Quantcast
Energy
Prime Minister Justin Trudeau and Governor Jerry Brown at the United Nations Paris agreement signing ceremony dinner. Mike Bloomberg / Flickr

Jerry Brown and Justin Trudeau: Climate Advocates, or Hypocrites?

By Andy Rowell

Two leading political figures from the U.S. and Canada, who have boasted about the need to fight climate change, are now under fire for being climate change hypocrites: saying they care about the climate, but allowing drilling and fossil fuel infrastructure to be built anyway.

On Wednesday, more than 750 public interest groups from California and around the world, including Oil Change International, started a campaign urging the governor of California, Jerry Brown, to stop building fossil fuel infrastructure, including no new exploration permits offshore.


The letter told Brown to "take immediate action to protect those most vulnerable to climate change or lose their support for the global climate action summit that he will host five months from now in San Francisco."

The campaign has sponsored billboards in San Francisco, Los Angeles and Sacramento, placed adverts in local newspapers, and launched a thermal airship over San Francisco Bay to challenge Brown for falling short on plans to limit fossil fuels in the state.

The letter urged Brown, who has stated on numerous times that time is running out to solve climate change and who has stated that fighting the issue will be one of his signature acts, to "champion a vision for California that looks beyond the oil and gas industry to a future that is safe and healthy for everyone," the letter says.

It continues by urging Brown to "set a global precedent by becoming the first oil producing state to announce a phase-out of existing production in line with the Paris climate goals, with a just and equitable transition that protects workers, communities, and economies, starting in places that are suffering most from the impacts of fossil fuel extraction."

But Brown is not the only politician who has promoted their green credentials who is now under fire for failing to adequately act on climate.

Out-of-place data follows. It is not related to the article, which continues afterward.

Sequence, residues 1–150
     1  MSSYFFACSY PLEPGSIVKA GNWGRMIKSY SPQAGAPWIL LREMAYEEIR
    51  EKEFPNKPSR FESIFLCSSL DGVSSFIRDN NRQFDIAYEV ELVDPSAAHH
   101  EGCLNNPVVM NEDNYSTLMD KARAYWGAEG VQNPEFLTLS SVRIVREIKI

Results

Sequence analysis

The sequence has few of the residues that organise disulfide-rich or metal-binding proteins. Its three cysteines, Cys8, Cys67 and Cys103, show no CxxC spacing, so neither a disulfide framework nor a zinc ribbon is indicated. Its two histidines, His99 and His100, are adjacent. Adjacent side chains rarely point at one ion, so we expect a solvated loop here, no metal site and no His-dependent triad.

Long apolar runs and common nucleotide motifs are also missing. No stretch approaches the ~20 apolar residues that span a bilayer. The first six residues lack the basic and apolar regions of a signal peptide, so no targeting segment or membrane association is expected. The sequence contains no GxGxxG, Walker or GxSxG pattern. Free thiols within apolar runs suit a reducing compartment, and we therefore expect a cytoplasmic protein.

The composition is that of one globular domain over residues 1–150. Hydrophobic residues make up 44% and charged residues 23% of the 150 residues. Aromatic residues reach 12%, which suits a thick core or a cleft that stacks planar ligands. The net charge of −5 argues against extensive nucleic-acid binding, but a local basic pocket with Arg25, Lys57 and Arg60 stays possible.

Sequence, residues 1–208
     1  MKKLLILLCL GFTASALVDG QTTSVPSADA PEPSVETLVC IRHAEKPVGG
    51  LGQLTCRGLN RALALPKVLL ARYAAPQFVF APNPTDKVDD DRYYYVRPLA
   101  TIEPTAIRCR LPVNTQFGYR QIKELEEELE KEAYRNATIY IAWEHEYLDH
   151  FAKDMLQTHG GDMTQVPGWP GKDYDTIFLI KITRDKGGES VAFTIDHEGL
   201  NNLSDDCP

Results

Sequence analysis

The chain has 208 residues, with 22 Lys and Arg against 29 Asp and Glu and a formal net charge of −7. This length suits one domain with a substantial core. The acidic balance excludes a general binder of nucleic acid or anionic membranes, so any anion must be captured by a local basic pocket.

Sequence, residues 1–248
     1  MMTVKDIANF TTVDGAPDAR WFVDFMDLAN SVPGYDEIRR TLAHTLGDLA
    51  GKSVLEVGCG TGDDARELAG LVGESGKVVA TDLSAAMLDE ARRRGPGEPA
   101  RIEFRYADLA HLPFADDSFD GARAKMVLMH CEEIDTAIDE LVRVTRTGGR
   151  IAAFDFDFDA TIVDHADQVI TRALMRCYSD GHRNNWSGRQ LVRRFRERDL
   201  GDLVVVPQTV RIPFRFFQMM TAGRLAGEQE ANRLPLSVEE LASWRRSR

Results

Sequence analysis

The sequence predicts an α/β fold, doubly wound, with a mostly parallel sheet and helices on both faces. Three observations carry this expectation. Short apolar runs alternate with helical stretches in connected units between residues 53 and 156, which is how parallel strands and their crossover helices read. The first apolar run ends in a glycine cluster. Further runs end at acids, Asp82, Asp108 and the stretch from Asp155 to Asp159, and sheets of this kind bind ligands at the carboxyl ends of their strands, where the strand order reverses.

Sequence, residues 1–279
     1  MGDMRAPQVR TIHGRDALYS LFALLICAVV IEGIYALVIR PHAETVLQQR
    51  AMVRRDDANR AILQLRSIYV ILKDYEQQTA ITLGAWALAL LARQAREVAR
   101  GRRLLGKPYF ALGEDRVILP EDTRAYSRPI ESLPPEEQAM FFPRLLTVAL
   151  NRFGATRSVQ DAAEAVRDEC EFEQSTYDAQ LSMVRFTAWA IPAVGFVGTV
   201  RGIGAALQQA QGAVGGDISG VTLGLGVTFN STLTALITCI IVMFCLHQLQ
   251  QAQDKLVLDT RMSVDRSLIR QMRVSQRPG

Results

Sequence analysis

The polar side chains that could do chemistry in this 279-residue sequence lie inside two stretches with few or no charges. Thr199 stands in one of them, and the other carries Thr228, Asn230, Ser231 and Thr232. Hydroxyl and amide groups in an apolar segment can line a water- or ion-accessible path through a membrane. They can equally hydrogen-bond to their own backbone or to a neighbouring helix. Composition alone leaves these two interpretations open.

Canadian Prime Minister Justin Trudeau is due to fly back from an overseas trip over the weekend to convene a meeting concerning the controversial Kinder Morgan Trans Mountain pipeline that will triple production of dirty tar sands going from Alberta to British Columbia.

The pipeline has been subject to sustained protests and legal action by the local community and BC government, led by John Horgan. Earlier this week, Kinder Morgan announced that it was stopping work until the end of May until political and legal opposition is sorted. Many people now see the pipeline as being on "life support."

Even the Economist argues that the pipeline is now likely to become "another flop," and noted that last week David McKay, head of RBC, Canada's largest bank, was concerned that investment was flowing out of the Canadian energy sector "in real time."

Trudeau continues to support the pipeline. Yesterday he tweeted that "I wouldn't approve major pipeline projects if I wasn't confident they could be done safely. And they can be done safely because we've made a massive investment in protecting our oceans and coastlines—in BC and across the country."

The tweet was accompanied by a glossy video, which was posted on Twitter and Facebook.

The reason for the meeting over the weekend, according to press reports, is that Trudeau wants to strong-arm BC Premier "John Horgan to reverse his stance." Horgan responded that he was going to "represent BC, our coast and economy."

Yesterday, 40 civil society groups sent a letter to Trudeau on behalf of their Quebec members, urging the federal government to "immediately cease supporting Kinder Morgan's pipeline. Do not turn this pipeline into your political legacy."

The letter continues:

"We remind you in particular of your government's commitment to end fossil fuel subsidies. The Trudeau government, in supporting a 20th-century sector of the economy, is failing to live up to its responsibility.

The national interest of Canada does not rest in the construction of The Kinder Morgan Trans Mountain pipeline, but in the inevitable energy transition that is so urgently needed in order to counter climate change.